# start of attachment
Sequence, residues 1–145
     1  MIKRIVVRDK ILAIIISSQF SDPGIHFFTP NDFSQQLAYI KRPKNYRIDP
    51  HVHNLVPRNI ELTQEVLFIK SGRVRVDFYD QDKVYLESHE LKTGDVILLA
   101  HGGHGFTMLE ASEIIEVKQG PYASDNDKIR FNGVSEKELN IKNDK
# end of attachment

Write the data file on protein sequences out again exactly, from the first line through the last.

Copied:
Sequence, residues 1–145
     1  MIKRIVVRDK ILAIIISSQF SDPGIHFFTP NDFSQQLAYI KRPKNYRIDP
    51  HVHNLVPRNI ELTQEVLFIK SGRVRVDFYD QDKVYLESHE LKTGDVILLA
   101  HGGHGFTMLE ASEIIEVKQG PYASDNDKIR FNGVSEKELN IKNDK